1. Receiving an education is not the single answer to prevent multigenerational poverty in America. If research suggest children from poverty families attend school less, and are more than likely to drop out of school compared to other children, it is plausible to believe this specific group of children will not receive a high school diploma. Research suggest that high school graduates between ages 25-32 made $8300 more in 1984 than high school graduates in 2011. So, this causes me to believe children born in to poverty and reasons suggesting are not the only and are true causes of poverty in America.

      Professionals do not consider the psychological aspect of children who mimic their environment. People in close environment serve as the mirror that reflects images of themselves. If children constantly view and observe undesirable images, they will proceed to believe and trust that image of poverty is acceptable. Educate parents and care givers on how to achieve substantial education, housing, and the necessary skills to achieve higher income, breaking the cycle of poverty.

  8. We started out our EDC 550 class talking about poverty and children in the United States. One of the videos we watched was Bernie Sanders, on the House floor, trying to get legislation passed to help these kids. Now he has announced his candidacy for president. Although many recognize that Sanders is a very long shot, I think it would be interesting if he could push the base a bit to the Left to help people see some of these issues that often get left on the fringes of politics, like childhood hunger in America. Just wanted to share this post so we could all learn a bit more about him. Election season is coming soon, and the best thing we can do as citizens is be informed in our vote:

    http://www.npr.org/blogs/itsallpolitics/2015/04/29/399818581/5-things-you-should-know-about-bernie-sanders

  9. Another great depiction of childhood poverty rates in America. More specifically, this article highlights various aspects of poverty affecting children in the state of Kentucky. Data and statistics offered in this article include topics such as: demographics of poor children, parental employment levels, parental education, parental marital status, children’s race/ethnicity, home ownership, and parental presence. Overall, this article offers a visual way to look at the childhood poverty rates present in the state of Kentucky. It offers data and statistics from a wide variety of poverty aspects, which also allows the reader to see the devastating effects of poverty on children from a variety of perspectives.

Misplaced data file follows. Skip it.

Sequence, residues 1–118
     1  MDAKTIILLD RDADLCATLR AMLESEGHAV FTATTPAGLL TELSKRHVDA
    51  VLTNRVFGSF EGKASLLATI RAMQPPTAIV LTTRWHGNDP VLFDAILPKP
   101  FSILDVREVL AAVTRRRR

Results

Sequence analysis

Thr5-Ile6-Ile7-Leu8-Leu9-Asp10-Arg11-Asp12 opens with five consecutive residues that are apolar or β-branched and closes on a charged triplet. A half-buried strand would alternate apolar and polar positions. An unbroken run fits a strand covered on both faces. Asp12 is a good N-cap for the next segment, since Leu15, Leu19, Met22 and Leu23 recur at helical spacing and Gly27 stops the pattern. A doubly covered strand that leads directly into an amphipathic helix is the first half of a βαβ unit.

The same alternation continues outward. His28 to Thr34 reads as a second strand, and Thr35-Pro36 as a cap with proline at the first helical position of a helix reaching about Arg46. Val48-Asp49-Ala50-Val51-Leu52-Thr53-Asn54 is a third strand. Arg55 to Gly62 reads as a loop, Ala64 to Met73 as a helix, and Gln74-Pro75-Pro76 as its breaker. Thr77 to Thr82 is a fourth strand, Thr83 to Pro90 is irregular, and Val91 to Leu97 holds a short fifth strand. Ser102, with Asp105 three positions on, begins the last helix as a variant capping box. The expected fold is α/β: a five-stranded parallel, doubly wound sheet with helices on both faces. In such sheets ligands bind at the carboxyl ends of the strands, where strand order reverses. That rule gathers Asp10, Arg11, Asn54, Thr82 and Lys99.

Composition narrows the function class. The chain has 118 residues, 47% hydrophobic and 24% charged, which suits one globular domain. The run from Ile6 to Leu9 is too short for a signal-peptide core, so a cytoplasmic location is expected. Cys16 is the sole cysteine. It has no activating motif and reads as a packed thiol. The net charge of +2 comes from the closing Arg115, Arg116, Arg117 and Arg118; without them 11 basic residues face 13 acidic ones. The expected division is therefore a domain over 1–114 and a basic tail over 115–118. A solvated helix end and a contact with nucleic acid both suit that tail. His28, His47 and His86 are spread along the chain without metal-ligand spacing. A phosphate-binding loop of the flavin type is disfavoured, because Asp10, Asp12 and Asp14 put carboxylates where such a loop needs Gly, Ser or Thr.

http://www.nccp.org/profiles/KY_profile_7.html

  10. Poverty is a devastating problem that can cause a number of issues for students in relation to their educational experiences and academic achievement. This article fleshes out a discussion on the effects of poverty on students in the United States. More specifically, this article provides demographic information related to education and poverty, implications of the issue, and a discussion on why eliminating poverty in US education is so crucial.
    https://www.childfund.org/Poverty-and-Education-in-the-US/

  11. This recent NPR article discusses a new book that deals with the American dream and indicates “that an “opportunity gap” has emerged here, making an upward climb much tougher in the 21st century, compared with the mid-20th century.”

    We often talk about inequality and why it’s such an issue in our day and age, and I think this book goes far to show why it’s so troubling. Increasingly, the American dream is only available to those who have the right parents, those who are raised the right way, and those who have the right education.

    “Putnam says a child born to married, college-educated parents has a very good chance of enjoying a comfortable life, rooted in formal education and personal connections; a child raised by a lightly educated single parent is starting the economic race wearing concrete shoes. The chances of catching up to the middle class are slim.”

    How do we eliminate those concrete shoes from children growing up in poverty? How do we lessen the incredible statistics on childhood poverty in our nation? And, fifty years after it began, why has the War on Poverty failed our nation so miserably?